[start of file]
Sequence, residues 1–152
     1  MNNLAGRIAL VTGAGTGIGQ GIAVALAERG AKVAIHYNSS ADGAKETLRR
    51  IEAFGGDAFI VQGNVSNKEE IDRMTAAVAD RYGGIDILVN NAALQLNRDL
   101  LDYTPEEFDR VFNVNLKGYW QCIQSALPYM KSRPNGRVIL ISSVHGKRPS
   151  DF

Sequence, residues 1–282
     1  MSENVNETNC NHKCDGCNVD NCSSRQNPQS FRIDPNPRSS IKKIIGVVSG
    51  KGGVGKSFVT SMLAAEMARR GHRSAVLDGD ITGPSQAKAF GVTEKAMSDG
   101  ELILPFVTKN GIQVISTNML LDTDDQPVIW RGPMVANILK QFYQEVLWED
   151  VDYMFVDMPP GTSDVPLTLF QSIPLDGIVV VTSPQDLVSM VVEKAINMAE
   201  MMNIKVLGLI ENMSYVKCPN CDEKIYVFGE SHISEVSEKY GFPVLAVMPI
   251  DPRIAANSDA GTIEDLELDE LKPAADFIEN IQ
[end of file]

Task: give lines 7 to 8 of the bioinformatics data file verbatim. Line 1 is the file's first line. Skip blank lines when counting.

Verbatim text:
     1  MSENVNETNC NHKCDGCNVD NCSSRQNPQS FRIDPNPRSS IKKIIGVVSG
    51  KGGVGKSFVT SMLAAEMARR GHRSAVLDGD ITGPSQAKAF GVTEKAMSDG